The student news site of La Salle Catholic College Preparatory.
Mr.+Devine+said+that+even+though+Into+the+Wild+was+published+over+two+decades+ago%2C+it+is+relevant+to+many+of+our+lives+in+quarantine.+

Brian Devine

Mr. Devine said that even though “Into the Wild” was published over two decades ago, it is relevant to many of our lives in quarantine.

Mr. Devine

Vice Principal of Student Life Mr. Brian Devine suggests the book “Into The Wild” by John Krakauer.

He described this non-fiction biography as chilling, absorbing, and thought-provoking. He chose this book because of its connection to social distancing and quarantine that is happening due to COVID-19.

This book is about Johnson McCandless, who hitchhikes to Alaska and walks all by himself into the wilderness of Mt. McKinley. Four months later, he is found dead and decomposed by moose hunters.  

Mr. Devine said this is one of his favorite books because he appreciates “the insight it provides into the mystery of why Chris McCandless walked away from civilization and into the wilds of Alaska,” he said. “I read it at a time in my life when I was contemplating many of the same questions that Chris was wrestling with.”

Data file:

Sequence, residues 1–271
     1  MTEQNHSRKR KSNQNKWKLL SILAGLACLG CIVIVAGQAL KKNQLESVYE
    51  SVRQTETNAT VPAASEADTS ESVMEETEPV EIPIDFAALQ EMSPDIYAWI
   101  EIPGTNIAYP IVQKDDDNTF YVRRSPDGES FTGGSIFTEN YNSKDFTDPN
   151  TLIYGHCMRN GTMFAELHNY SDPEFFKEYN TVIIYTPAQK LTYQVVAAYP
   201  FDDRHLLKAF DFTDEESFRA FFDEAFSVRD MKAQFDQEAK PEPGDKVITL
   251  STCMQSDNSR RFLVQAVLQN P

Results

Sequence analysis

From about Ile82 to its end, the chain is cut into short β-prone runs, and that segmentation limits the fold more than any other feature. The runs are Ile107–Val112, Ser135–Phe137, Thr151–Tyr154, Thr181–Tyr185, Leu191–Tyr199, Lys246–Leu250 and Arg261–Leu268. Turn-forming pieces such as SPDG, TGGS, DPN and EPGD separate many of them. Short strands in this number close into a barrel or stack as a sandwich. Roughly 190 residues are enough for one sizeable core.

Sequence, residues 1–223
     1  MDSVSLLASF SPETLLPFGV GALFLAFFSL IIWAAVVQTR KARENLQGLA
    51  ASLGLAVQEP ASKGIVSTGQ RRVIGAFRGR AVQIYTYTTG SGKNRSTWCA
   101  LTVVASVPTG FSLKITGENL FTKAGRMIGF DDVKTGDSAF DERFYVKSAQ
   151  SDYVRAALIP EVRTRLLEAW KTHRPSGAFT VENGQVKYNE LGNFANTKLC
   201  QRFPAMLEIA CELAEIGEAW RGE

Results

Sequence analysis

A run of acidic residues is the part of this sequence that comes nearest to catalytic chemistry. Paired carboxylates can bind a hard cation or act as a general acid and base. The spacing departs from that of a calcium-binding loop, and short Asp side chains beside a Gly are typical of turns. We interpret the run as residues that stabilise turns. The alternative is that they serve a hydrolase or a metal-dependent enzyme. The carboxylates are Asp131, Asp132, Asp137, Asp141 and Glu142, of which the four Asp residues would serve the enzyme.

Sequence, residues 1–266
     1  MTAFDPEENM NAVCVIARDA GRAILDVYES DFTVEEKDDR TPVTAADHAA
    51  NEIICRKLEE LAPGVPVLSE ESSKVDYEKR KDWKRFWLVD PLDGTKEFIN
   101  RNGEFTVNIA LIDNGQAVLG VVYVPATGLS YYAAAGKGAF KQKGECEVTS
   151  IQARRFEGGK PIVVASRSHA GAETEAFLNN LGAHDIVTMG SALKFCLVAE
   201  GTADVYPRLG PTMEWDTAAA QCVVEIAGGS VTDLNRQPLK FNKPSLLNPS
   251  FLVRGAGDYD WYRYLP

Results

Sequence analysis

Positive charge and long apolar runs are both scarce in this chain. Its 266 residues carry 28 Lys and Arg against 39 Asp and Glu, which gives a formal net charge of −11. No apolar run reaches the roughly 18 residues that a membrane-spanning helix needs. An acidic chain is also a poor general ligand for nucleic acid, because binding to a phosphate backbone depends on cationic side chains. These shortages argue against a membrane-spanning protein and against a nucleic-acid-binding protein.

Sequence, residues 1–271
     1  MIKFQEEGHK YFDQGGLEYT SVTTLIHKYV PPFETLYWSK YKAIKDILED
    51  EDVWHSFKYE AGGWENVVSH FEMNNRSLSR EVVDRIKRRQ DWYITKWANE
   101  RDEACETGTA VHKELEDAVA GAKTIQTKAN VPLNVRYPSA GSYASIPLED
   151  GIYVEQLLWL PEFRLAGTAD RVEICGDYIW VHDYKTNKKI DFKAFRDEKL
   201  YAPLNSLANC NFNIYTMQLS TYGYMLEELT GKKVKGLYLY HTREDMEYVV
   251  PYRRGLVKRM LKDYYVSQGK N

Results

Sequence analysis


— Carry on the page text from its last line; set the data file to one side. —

When Mr. Devine used to teach junior English, he would use this book to introduce the major themes of American Literature because he said this book captures them well.

Mr. Devine said that “during this time of quarantine and social distancing, this book seems especially poignant because it asks the questions, what happens when we are socially and physically isolated? What are the things and experiences we [can] live without? How does an experience like this pandemic impact us?”

Mr. Devine said that he has probably read this book about five times, and suggests it to anyone who also enjoys the books “Wild” by Cheryl Strayed or “A Perfect Storm” by Sebastian Junger. 

“The students that I have shared this book with in the past have really enjoyed it,” he said. “It is a gripping page turner. It is a compelling mystery. And despite being published over two decades ago, it is entirely relevant to what we are all experiencing right now.”